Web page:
Mamie made frequent trips to the branch post office. One day she confronted a long line of people who were waiting for service from the postal clerks. Mamie only needed stamps, so a helpful observer asked, “Why don’t you use the stamp machine? You can get all the stamps you need and you won’t have to wait in line.” Mamie said, “I know, but the machine can’t ask me about my arthritis.”
We live in a world that has become extremely impersonal. You can take care of numerous business transactions without dealing directly with people. When you do talk with people, most of them aren’t going to ask you about your arthritis. They want you to state your business and get out of the way for the next customer.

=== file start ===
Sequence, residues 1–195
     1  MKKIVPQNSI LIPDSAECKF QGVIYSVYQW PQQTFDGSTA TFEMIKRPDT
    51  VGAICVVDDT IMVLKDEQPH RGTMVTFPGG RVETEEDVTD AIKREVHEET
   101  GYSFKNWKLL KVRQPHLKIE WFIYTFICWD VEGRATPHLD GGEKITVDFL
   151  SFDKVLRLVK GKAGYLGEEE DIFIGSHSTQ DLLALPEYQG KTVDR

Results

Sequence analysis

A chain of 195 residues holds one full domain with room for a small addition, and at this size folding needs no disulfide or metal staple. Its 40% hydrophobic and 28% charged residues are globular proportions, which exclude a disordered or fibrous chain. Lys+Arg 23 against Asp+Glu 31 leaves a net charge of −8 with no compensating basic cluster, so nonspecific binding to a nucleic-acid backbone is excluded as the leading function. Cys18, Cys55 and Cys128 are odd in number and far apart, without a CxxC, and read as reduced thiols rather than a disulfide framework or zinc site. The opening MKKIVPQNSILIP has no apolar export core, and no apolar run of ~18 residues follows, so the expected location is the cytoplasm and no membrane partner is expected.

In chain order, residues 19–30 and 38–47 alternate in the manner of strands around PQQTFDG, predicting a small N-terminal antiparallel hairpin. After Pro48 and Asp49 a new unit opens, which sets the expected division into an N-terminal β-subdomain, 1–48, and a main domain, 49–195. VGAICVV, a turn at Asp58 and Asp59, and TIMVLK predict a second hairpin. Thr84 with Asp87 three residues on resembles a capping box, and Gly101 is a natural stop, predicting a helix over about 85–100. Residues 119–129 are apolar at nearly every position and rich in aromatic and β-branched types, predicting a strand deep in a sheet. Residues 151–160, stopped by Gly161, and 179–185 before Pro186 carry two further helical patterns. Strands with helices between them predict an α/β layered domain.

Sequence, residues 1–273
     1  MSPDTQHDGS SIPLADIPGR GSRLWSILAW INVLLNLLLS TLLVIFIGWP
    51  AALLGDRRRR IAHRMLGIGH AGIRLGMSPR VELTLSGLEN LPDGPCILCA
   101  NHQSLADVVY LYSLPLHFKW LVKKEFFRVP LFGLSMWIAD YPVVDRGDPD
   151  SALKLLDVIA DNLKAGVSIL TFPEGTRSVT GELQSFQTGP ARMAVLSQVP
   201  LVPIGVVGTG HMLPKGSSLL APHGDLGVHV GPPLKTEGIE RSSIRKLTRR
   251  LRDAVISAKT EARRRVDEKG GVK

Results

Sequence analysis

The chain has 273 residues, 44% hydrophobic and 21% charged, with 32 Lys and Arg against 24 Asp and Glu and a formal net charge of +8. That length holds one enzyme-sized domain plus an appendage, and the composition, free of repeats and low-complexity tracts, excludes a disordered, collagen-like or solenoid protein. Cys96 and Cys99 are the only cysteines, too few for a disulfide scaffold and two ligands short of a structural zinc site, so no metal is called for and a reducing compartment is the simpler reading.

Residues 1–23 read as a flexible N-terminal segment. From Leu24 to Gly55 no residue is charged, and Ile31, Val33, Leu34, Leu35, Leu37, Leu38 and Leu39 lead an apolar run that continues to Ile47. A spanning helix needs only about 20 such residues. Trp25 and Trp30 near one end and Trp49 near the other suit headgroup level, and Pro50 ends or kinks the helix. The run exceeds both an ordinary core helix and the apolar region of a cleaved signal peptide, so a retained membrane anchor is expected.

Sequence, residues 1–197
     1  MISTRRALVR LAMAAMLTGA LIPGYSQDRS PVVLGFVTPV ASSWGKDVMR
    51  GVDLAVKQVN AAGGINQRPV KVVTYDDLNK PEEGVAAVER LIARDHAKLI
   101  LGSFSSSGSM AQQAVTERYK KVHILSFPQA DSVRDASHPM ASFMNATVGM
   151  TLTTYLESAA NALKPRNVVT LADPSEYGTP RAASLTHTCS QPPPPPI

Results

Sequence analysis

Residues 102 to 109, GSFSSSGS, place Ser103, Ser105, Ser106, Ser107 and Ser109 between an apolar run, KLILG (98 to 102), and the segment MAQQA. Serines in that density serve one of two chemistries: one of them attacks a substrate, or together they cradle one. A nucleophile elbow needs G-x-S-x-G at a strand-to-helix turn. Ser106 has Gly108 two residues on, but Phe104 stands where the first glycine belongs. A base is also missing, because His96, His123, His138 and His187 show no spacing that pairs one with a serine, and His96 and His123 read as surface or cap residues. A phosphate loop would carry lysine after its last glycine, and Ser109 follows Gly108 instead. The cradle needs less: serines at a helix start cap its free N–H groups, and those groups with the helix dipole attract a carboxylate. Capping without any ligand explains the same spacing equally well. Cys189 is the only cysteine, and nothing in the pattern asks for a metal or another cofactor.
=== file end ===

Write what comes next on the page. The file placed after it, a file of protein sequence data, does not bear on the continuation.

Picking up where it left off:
We can get our lunch from a machine if we choose to. We can take our own blood pressure at the drug store. It’s been a long time since many of us have had a conversation with a real, live telephone operator. When you live in that kind of context, it’s hard to find anybody who is the least bit curious about your arthritis, your gout, your bad cough or anything else that ails you.
People still need human contact. Solitary confinement is still the most severe punishment that a prisoner can receive. As Christians we need to be sensitive to the need that people have to be touched and cared for. “For none of us lives to himself alone and none of us dies to himself alone” (Romans 14:7).